Oil prices surged on Monday after Russia and Saudi Arabia said they support an extension of the OPEC/non-OPEC production cuts. Oil prices have clawed back a lot of the losses exhibited over the past month, with Brent now safely in the low-$50s and WTI on its way toward those levels.
The joint announcement from Saudi Arabia and Russia, the two most important negotiators, effectively extends the cuts, although the official move won’t come until the May 25 meeting. While it is possible that other OPEC or non-OPEC members might balk at the move, it remains highly unlikely given that most are anxious for higher oil prices. And in any event, Saudi Arabia has always been the one to take on the lion’s share of the burden.
The extension was widely anticipated and the announcement merely squashed some of the uncertainty ahead of the Vienna meeting later this month.
However, what really took the markets by surprise on Monday was the support for a nine-month extension rather than just an extension through the end of the year. “The agreement needs to be extended, as we will not reach the desired inventory level by end of June,” Saudi energy minister Khalid al-Falih said in a statement. “Therefore we came to the conclusion that ending will probably be better by the end of first quarter 2018.”
And in an effort to bolster the production cuts, the OPEC/non-OPEC coalition is working on bringing new countries into the fold, including Egypt and Turkmenistan, although it is unclear if they will be successful. To be sure, some contributions from Egypt and Turkmenistan – with a combined total output of 700,000 bpd – would not significantly alter the pace of adjustment, but their participation would add a psychological jolt to the market.
“I think OPEC and Russia recognize that in order to get the market back on their side they will need ‘shock and awe’ tactics where they need to go above and beyond a simple extension of the deal,” Virendra Chauhan, Singapore-based analyst at Energy Aspects, said in a Reuters interview.
Although the markets were generally ebullient, questions remain. Let’s assume that everyone is on board and continues to rather impressive level of compliance. The reason for the nine-month extension is that the cuts are bringing inventories down at a much slower rate than originally anticipated. Bloomberg Gadfly notes that even extending the cuts through December would only bring inventories down by just 722,000 bpd for a total reduction of about 120 million barrels. That is less than half of the 276 million barrel surplus that existed just in OECD countries at the end of the first quarter.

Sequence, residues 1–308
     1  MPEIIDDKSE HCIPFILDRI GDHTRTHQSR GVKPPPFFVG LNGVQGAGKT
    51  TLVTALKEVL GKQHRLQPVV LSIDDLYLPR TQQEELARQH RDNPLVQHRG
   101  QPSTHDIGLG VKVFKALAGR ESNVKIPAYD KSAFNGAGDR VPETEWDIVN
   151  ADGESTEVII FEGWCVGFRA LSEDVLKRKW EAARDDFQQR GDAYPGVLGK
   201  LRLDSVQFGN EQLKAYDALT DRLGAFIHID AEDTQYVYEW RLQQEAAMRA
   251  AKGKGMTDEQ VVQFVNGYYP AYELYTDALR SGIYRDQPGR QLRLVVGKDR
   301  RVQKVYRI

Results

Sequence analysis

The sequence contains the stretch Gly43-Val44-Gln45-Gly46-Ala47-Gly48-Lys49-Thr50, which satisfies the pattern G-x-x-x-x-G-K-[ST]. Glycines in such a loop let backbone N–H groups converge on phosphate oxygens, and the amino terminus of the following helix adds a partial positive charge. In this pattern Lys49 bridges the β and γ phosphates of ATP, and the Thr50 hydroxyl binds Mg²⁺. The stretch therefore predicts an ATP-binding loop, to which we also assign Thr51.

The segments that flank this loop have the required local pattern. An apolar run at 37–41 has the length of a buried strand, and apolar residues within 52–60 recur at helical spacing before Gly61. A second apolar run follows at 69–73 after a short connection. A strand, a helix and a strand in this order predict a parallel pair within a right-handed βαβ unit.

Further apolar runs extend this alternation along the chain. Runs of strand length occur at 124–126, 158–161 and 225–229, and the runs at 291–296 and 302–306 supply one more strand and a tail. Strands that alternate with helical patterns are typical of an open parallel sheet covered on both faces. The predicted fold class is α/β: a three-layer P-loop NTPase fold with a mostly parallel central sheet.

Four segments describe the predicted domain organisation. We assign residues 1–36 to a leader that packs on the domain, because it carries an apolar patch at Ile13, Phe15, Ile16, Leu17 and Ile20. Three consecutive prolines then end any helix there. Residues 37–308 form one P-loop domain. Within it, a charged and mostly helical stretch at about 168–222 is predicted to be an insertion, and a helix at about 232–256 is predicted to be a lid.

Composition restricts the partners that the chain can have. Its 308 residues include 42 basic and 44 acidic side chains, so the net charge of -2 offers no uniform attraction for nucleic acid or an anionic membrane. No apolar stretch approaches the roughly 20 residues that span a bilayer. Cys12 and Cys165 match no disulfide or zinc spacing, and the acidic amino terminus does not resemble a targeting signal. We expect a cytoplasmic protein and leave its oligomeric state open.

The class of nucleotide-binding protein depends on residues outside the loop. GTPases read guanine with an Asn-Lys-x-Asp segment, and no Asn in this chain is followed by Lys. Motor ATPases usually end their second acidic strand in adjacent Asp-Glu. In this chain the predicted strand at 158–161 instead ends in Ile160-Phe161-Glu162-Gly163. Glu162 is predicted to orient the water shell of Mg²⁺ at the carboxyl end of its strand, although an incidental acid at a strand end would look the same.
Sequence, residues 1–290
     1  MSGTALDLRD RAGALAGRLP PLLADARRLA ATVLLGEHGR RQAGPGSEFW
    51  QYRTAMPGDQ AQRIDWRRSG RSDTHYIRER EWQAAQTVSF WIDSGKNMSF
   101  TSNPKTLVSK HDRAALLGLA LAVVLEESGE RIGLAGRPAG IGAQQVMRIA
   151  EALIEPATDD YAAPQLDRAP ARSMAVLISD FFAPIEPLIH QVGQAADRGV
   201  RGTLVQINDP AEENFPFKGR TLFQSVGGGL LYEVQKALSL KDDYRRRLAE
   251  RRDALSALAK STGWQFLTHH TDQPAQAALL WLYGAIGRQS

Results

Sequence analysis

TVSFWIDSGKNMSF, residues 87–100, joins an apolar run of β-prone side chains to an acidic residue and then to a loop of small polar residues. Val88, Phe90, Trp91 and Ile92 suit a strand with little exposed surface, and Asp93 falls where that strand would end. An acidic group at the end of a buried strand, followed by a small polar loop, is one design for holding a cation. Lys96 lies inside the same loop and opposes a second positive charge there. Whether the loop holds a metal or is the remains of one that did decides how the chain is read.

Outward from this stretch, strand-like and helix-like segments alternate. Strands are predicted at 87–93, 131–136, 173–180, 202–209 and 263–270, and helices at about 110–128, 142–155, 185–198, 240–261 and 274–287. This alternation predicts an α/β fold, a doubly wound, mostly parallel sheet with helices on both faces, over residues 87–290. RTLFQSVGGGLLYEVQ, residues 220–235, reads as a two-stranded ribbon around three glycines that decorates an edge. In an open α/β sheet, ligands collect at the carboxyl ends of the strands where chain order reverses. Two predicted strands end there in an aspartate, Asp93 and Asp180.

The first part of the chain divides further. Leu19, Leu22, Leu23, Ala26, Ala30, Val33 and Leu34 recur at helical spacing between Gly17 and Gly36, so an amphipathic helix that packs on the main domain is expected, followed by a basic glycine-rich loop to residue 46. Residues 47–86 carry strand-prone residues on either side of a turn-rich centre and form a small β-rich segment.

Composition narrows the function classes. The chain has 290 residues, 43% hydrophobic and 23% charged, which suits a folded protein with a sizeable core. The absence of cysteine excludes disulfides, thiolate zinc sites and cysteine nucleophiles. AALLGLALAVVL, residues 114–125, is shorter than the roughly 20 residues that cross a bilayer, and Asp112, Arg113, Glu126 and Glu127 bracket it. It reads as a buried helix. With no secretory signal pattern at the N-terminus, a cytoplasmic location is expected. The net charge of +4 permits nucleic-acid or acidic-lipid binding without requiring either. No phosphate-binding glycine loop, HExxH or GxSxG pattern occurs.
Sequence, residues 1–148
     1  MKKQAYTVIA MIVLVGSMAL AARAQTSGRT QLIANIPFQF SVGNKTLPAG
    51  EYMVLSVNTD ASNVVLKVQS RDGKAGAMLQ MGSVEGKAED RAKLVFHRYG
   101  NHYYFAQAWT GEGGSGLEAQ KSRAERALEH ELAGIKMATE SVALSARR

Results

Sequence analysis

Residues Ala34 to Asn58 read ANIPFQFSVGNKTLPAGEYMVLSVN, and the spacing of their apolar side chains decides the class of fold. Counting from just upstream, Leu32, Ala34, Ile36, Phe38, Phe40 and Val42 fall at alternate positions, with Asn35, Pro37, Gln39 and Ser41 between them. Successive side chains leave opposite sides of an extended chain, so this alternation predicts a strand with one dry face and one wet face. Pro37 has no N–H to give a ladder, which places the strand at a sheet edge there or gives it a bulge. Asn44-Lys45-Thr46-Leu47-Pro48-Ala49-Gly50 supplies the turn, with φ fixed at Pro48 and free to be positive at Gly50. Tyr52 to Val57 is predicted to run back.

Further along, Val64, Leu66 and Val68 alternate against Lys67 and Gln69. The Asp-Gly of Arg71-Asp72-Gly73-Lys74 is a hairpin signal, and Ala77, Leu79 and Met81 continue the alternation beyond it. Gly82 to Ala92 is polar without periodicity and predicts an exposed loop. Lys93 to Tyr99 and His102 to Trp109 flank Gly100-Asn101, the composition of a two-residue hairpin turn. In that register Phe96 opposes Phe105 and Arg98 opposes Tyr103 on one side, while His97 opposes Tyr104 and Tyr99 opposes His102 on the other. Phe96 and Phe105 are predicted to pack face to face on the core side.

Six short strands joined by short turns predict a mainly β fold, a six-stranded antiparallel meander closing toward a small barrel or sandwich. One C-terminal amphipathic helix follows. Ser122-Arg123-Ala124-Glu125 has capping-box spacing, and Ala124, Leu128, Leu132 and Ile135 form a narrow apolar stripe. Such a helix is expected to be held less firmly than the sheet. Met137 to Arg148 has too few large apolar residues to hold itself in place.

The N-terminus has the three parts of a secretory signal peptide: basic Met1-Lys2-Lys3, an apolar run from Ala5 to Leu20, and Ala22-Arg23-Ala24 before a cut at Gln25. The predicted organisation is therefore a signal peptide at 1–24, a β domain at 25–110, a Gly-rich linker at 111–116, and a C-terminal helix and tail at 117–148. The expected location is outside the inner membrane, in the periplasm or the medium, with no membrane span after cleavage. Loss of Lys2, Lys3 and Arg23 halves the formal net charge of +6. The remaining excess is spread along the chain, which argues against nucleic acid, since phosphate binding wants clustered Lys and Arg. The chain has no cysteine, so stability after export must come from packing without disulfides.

Much of the reason for that is higher U.S. shale production – which is coming back much quicker than expected. Last week OPEC itself revised its estimate for U.S. shale production in 2017. OPEC now expects the U.S. and other non-OPEC countries to add 950,000 bpd this year, an upward revision of 64 percent compared to the previous month’s projection. It is hard to overstate how shell-shocked the group has been by the swift return of oil supply in the U.S. As recently as January, OPEC only expected the U.S. and other non-OPEC countries to add around 100,000 bpd this year. Four months later, after strong gains from the Texas shale patch, it revised that figure up to 950,000 bpd. No wonder it now sees an extension of its cuts as necessary.
Perhaps nine months will do the trick. But one problem is that keeping everybody in compliance with the cuts will grow more difficult over time. Russia typically ramps up production in summer months as operations can resume following cold winters. “[W]e are skeptical about Russia’s willingness to actively participate in any extended cuts,” Carsten Fritsch, an analysts at Commerzbank, told Reuters.
Also, Iraqi officials have suggested that they will be able to ramp up their production capacity to 5 million barrels per day later this year as new fields come online. Then there are the exempt countries – namely, Libya and Nigeria – that have no barriers in their way (aside from serious domestic troubles) to ratcheting up output this year. So, while extending the OPEC/non-OPEC cuts for nine months is a welcome development, some are wondering whether the cuts need to also be deeper.
But that isn’t in the cards for now. Saudi Arabia and Russia are betting that an extension through the first quarter of 2018 will do enough to chip away at inventories, providing a floor beneath prices, but not boosting them so much that U.S. shale comes back even quicker than it already is. It’s a difficult needle to thread, but that is arguably OPEC’s least bad option.
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Author: Tyler Durden